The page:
Ukraine’s ultranationalist uprising has brought together two disparate groups: neo-Nazis and ethnic minorities.
The crisis in Ukraine turns three this month. From its outset, I was struck by how clichéd the news reports of the war were, in structure and in tone; European journalists seemed to be reporting on Ukraine as if it were an African country, and, mortifyingly, as if Binyavanga Wainaina’s “How to Write About Africa” had never happened. I wondered what would happen if the roles were reversed—if I, an Ethiopian woman, covered this European war. The conflict was said to have unleashed ultranationalist violence: as part of my preparation I hung out on Stormfront, the white-supremacist Internet forum, where I seemed to be welcome because they couldn’t tell that I’m a black intellectual. I decided that the safest way to report on these men would be to try and pass as one of them: to go in disguise as a neo-Nazi fighter. I acquired a kind of camouflage—a big coat to conceal the shape of my body, the fullest balaclava I could buy, and a wide woolly scarf to hide any skin still visible. As disguises go, it wouldn’t pass much scrutiny, but I calculated that the strength of my cover was the situation itself: they wouldn’t be expecting me. Its simplicity was its strength, and its strength was its simplicity.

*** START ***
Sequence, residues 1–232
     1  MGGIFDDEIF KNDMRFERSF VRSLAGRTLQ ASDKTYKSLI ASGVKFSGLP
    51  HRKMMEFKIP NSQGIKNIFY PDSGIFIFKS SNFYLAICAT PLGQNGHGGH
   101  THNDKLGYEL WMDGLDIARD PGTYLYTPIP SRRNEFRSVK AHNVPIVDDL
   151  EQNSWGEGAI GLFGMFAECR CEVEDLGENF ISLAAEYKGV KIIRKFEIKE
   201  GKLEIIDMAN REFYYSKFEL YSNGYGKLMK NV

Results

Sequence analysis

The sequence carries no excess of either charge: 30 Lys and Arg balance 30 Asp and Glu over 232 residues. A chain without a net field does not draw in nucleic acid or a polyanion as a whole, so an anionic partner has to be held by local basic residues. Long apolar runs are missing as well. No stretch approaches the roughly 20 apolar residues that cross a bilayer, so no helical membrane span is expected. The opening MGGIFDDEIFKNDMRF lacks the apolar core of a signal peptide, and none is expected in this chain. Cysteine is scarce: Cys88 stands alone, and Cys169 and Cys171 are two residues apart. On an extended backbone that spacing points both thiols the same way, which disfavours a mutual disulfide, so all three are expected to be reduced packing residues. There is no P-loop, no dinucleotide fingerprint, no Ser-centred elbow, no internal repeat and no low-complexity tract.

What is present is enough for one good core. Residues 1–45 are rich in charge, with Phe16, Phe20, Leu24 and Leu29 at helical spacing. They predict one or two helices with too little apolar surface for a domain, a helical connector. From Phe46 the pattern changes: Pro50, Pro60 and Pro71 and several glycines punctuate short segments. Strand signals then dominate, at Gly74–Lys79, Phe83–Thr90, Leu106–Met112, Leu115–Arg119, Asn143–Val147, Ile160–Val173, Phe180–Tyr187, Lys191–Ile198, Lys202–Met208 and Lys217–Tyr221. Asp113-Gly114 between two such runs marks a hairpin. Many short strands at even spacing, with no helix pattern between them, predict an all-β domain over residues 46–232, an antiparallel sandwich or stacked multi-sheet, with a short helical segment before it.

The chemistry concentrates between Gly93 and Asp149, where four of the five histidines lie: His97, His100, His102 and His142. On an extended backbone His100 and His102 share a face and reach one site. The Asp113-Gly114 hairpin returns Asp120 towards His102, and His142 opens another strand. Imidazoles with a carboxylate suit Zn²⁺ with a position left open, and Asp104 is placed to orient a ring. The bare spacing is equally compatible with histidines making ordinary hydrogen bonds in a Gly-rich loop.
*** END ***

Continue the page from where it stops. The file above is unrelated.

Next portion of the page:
I set off for Ukraine in the run-up to Minsk II, when the fighting in the east was at its worst. It was late January 2015, a couple of weeks before the doomed ceasefire deal was agreed. There had been reports of neo-Nazi battalions from the front at Donbass holding rallies in city centers. Some of these gatherings were to mark the January birthday of Stepan Bandera, a controversial World War II–era hero who’d led Ukraine’s nationalist independence movement in the 1930s, and who had spent time as a Nazi prisoner of war before being released to fight against Russia under the banner of the SS. “Be careful of any protests,” a regional security analyst had advised me, “especially if they have a right-wing slant.” Be careful. Read More